Antal Dorati - Alban Berg: Suites from Wozzeck and Lulu/ Gunther Schuller: Seven Studies on Themes of Paul/ Berg: Vienna 1908-1914

 (3 LP/ Book)


Speakers Corner (Mercury Living Presence)



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Preowned Vinyl Box Sets

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Grade: Mint Minus
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No. of Discs: 3


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The first release in this monumental series comprises a three-LP box with music of the 20th Century. The three original releases are excellent recordings and are rarely found in second-hand shops. Consequently, they are extremely expensive.

Alban Berg: Suites from Wozzeck and Lulu/Dorati/London Symphony Orchestra
These suites are among a number of "symphonically condensed" operas that found their way into music history long before they were heard in the opera house. It was all thanks to Hermann Scherchen, who also conducted the premieres, that these pieces were heard in the concert hall. And, in fact, it was Scherchen who suggested that Berg should put together a selection of excerpts from his soldier's tragedy. Both Wozzeck and the characteristic episodes from the man-killing Lulu brought the composer lasting fame. The two suites can be regarded as exemplary of Berg’s art of compositions and of his highly individual interpretation of the 12-tone system as developed by his teacher, Arnold Schoenberg. In spite of the freedom of Berg’s compositional technique, conventional tonal references also shimmer through, thus rendering his music immediately understandable. Dorati’s recording is particularly suitable for easy listening and for becoming acquainted with Berg’s proverbial tonal sensuality.

Gunther Schuller: Seven Studies on Themes of Paul Klee — Paul Fetler: Contrasts for Orchestra/Dorati/Minneapolis Symphony Orchestra
Whether “fall of man” or “peccadillo”: that colors and forms in painting can inspire a musical masterpiece is an undisputed fact ever since Mussorgsky composed his extremely popular Pictures at an Exhibition and Reger his Boecklin Suite. By comparison, Gunther Schuller’s musical studies on themes by Paul Klee are virtually unknown and recordings hard to come by, although their artistic standard and quality measure up very well to their forebears. The American composer’s works are all brilliant, spiced here and there with a twinkle in his eye and thrillingly arranged.

More exciting American music can be discovered in Paul Fetler’s Contrasts. The contemporary musician describes his four-movement work as a non-traditional symphony, which is given life not through thematic development but by means of rhythmic heartbeat and expanses of meaty chords. If you enjoy Bernstein, Schuman and Copland then Fetler’s Contrasts are definitely for you.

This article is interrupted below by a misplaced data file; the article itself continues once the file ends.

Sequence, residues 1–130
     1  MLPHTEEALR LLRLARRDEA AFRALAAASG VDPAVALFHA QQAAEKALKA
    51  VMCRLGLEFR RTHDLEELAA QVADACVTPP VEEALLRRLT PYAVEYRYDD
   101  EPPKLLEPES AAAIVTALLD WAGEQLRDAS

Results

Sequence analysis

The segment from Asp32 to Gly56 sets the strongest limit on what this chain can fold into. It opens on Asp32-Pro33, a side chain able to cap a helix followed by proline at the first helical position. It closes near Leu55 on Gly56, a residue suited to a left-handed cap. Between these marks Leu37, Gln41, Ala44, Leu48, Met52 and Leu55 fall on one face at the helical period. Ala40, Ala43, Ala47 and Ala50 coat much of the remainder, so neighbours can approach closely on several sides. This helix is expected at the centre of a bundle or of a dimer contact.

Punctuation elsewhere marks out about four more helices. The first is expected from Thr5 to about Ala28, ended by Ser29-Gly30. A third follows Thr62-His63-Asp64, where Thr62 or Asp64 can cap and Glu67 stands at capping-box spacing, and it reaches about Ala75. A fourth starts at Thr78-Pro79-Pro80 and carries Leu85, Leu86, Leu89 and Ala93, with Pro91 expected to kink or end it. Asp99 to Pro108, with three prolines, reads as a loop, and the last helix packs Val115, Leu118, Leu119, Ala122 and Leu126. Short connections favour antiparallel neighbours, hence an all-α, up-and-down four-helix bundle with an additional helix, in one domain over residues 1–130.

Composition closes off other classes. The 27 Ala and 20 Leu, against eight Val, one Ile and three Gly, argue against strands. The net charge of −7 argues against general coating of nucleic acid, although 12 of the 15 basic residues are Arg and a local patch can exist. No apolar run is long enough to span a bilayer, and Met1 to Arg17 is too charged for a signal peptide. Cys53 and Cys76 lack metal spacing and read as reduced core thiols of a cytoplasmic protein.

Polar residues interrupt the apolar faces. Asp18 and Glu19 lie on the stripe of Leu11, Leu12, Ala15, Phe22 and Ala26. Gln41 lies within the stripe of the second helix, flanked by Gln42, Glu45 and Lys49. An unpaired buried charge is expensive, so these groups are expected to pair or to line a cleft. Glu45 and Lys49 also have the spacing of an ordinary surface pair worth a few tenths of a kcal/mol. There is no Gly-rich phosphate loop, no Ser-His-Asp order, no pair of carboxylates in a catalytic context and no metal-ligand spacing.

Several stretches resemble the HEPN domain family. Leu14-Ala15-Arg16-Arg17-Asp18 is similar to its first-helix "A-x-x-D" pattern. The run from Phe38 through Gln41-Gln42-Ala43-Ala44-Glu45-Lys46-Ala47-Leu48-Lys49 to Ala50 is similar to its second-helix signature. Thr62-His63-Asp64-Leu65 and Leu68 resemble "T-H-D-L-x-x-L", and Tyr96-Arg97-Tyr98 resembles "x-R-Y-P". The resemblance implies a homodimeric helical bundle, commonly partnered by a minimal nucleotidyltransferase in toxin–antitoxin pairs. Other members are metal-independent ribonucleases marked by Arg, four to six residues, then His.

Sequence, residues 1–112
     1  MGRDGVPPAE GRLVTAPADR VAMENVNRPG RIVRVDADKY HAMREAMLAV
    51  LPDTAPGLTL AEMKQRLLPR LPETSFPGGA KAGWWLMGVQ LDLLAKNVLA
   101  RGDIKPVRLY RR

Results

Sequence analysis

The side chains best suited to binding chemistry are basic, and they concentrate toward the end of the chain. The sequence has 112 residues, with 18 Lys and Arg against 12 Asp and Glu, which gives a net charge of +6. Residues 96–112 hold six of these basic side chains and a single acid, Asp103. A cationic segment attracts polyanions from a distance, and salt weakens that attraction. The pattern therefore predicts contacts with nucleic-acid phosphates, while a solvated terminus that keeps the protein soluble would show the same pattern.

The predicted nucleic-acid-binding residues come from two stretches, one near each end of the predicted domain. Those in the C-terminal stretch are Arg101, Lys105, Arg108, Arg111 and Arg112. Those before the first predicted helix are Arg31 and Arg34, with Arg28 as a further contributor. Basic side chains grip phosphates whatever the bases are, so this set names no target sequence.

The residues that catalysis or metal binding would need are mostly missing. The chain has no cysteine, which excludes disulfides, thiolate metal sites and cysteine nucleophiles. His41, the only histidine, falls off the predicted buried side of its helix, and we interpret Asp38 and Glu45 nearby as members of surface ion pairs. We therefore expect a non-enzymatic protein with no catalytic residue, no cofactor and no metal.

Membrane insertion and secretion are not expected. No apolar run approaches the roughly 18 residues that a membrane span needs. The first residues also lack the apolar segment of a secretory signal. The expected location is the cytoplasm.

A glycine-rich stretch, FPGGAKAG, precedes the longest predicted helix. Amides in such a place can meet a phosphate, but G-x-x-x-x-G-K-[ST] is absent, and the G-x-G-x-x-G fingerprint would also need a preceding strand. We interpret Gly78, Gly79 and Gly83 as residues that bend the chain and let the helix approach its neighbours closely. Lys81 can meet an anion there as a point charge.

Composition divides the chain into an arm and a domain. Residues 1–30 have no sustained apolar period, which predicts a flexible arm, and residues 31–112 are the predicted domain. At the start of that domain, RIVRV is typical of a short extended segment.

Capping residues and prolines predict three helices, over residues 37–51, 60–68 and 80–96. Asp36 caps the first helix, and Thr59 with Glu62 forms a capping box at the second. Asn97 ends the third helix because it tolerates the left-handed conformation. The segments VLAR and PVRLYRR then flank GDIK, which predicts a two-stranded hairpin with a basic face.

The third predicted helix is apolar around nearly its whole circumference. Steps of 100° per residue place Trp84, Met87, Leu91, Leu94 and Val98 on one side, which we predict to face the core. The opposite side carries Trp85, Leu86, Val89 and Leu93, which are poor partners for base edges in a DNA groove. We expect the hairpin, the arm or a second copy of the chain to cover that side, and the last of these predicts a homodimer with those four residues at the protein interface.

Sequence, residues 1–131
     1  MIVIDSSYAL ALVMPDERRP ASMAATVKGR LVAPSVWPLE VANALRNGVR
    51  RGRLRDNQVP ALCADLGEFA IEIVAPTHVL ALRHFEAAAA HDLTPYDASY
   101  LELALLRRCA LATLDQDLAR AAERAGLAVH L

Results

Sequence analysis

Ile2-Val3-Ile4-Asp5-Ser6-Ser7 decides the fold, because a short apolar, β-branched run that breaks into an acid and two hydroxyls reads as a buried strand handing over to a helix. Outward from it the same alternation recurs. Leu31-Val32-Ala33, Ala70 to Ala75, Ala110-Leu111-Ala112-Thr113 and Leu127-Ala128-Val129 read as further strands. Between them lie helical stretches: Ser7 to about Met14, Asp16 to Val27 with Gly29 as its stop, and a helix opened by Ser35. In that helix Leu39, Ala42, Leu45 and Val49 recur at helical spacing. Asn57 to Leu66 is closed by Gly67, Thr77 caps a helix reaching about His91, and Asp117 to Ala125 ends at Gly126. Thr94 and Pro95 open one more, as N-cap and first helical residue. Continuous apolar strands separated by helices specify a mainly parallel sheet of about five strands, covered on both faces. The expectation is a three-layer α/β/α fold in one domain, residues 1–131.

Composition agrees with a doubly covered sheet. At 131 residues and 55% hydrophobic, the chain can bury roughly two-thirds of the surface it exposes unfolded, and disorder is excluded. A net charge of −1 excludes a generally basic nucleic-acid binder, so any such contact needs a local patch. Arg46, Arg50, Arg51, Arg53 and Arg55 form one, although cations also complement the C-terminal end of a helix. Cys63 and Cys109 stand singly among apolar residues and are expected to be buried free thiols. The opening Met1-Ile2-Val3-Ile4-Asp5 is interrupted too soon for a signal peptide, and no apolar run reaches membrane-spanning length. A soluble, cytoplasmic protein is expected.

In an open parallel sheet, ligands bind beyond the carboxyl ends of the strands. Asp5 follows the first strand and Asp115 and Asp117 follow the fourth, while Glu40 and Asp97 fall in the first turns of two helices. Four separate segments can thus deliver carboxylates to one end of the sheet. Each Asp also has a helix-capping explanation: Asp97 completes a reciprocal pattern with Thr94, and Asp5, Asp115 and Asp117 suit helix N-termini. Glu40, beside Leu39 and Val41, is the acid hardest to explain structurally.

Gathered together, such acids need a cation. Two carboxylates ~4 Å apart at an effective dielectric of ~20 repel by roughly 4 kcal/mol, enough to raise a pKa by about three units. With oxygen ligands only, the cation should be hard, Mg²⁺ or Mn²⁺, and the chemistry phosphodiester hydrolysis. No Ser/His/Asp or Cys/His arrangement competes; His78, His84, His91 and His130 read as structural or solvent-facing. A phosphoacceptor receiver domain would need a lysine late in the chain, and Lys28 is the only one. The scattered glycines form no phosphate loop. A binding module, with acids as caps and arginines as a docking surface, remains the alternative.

Arnold Schoenberg, Anton Webern, Alban Berg: Vienna 1908-1914/Dorati/London Symphony Orchestra
Schoenberg, Berg, Webern — the names of the teacher and his two pupils — stand for a revolution in music at the beginning of the 20th Century. While Schoenberg demanded freedom of compositional expression, as is amply demonstrated in his expressionistic Five Pieces of Orchestra, Op. 16, such freedom was taken to extremes by his brilliant pupils, as can be observed in Anton Webern’s remarkably individual work. Berg’s musical language became manifest in this key-work of modern music — even after 12-tone music became well established later on, he never quite managed to free himself completely from conventional tonal attributes. Though the compositional methods differ widely in the orchestral works on this recording, they all have one thing in common: maximal tonal diversity.

"Speakers Corner has given these recordings the respect they deserve. The packaging is gorgeous: a black album titled "The Living Presence of 20th Century Music" and displaying the Mercury logo holds the three records with their original covers and liner notes. In addition, there are informative annotations on the music and Dorati, and a history of Mercury Living Presence...They sound at least as good and in some ways better than the originals...There are no negatives and not enough superlatives to describe these magnificent reissues. It's rare that performance, sound, and musical value combine at this level in a recording."
- Arthur B. Lintgen, The Absolute Sound, February/March 2004

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